Source | Hema Ravichandar (The Mint)
Hiring a former employee is useful but there are rules to get it right
I am going with the tried and tested, Hema. It is much easier than struggling to on-board a completely new hire. Especially when he would need significant handholding,” said this harried CEO to me.
They call them the Boomerangs, the ones who leave your organization and then return, much like the prodigal son, at some later date. These rehires are also creatively christened retreads or “Comeback Kids”.
The target of every self-respecting recruitment team, the benefits of hiring a former employee are well-known and documented. Apart from reduced hiring costs and timelines, these hires come pre-wired with knowledge to navigate the complex company landscape and enviable, on-tap access to buddy ecosystems. No wonder then that research shows that the quality of such hires is significantly better. All of which essentially means less time to hit the road running. No surprise then that organizations eye this talent honey-pot covetously and invest assiduously in “green-channelling” them back into their fold.
But these “hiring miracles” could easily turn into “hiring mortality” if organizations don’t assimilate them right. So here’s a list of Organizational Must Dos culled from recruiters, search firms, bosses and even Boomerangs for such seamless transition.
‘Let bygones be bygones’ mindset
Is your organization’s attitude towards rehires one of second-class citizenship or of a grudge mentality instead of being truly inclusive? Does the rehire philosophy have the strong buy-in of all the powers that be? Even passive resistance will corrode the essence of the initiative. An organization that celebrated Boomerangs bade all voluntary departees with a “Just remember you have a round-trip ticket” message. And if they returned, welcomed each candidate with a wooden boomerang, inscribed with the date they quit and the date they returned. Celebratory listings on the intranet, welcome-back letters from top management and membership to the exclusive Boomerang club followed.
Square pegs, round holes?
What is the role you are hiring for? Is there a fit? Rehires may not warrant elaborate selection processes but it would be best to assess their learning agility, critical for success in an evolving organizational scenario. The expectation, not unreasonably, is that the returning employee would have added to their experience repertoire in the time that s/he was away and come back to a more challenging role, better equipped. Someone once told me how a rehire who had left the organization when the service load was 1, was not even able to conceive of the magnitude and type of problems when returning to an organization which by then was handling 10 times the load.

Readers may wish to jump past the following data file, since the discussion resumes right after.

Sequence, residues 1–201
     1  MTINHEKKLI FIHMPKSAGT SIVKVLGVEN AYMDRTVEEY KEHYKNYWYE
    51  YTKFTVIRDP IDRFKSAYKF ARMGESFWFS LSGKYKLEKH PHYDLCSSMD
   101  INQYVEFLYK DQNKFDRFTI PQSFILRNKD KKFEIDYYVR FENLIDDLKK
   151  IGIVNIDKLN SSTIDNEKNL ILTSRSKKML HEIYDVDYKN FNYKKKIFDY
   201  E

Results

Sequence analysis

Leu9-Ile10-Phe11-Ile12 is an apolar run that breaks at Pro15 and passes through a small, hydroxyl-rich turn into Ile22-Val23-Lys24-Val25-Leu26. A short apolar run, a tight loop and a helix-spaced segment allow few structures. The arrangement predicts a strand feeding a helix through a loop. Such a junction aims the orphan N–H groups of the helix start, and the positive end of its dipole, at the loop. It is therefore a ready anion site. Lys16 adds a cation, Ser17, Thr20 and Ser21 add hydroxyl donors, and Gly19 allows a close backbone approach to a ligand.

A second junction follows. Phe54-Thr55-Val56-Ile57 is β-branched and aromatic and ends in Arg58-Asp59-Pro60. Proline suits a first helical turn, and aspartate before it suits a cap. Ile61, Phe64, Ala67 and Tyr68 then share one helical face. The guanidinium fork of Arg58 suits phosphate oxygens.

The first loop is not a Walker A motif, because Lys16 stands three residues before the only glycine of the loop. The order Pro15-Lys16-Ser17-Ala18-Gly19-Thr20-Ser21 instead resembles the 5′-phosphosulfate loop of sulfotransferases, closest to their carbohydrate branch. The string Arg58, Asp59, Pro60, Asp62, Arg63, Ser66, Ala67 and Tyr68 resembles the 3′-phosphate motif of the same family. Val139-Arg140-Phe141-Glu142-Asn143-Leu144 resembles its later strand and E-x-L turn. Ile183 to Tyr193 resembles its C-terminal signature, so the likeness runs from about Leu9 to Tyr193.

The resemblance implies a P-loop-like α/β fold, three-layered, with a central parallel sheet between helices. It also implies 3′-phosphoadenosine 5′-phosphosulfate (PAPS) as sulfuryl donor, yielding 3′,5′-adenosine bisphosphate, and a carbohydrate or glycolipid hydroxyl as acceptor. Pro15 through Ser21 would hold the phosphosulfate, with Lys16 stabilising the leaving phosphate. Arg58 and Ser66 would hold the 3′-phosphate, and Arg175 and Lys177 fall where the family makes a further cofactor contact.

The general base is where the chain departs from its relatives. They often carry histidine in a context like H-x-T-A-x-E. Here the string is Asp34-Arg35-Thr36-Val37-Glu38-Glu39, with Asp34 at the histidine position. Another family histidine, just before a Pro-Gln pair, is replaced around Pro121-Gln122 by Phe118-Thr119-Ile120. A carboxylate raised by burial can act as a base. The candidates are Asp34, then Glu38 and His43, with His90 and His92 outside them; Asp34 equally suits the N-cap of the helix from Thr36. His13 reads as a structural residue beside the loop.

To avoid ending up as Rip Van Winkle, the Boomerang would be well-advised to remember that the job has moved on from the old one. In the morrow, the role, the reporting, the power centres, and especially organizational expectations, will be different. Remember also that former peers may well have moved ahead. Tough luck, but that is how the cookie crumbles. New bridges will have to be built and new peer groups formed.
Has the original problem been fixed?
If the reasons for which the attrition happened in the first place have not been unequivocally addressed, it will not augur well for the prolonged stay of the Boomerang. Unfulfilled expectations from a past appraisal, bad chemistry with the immediate boss, location and time constraints—all these are best aired and cleared prior to proffering the employment offer. “It is best to take a hard look at all the major irritants and see if they can be addressed before rehire discussions begin,” says an experienced recruiter. “Even though in most cases, a shot of reality from the big bad world outside recalibrates expectations and brings new-found maturity to formerly peevish employees.”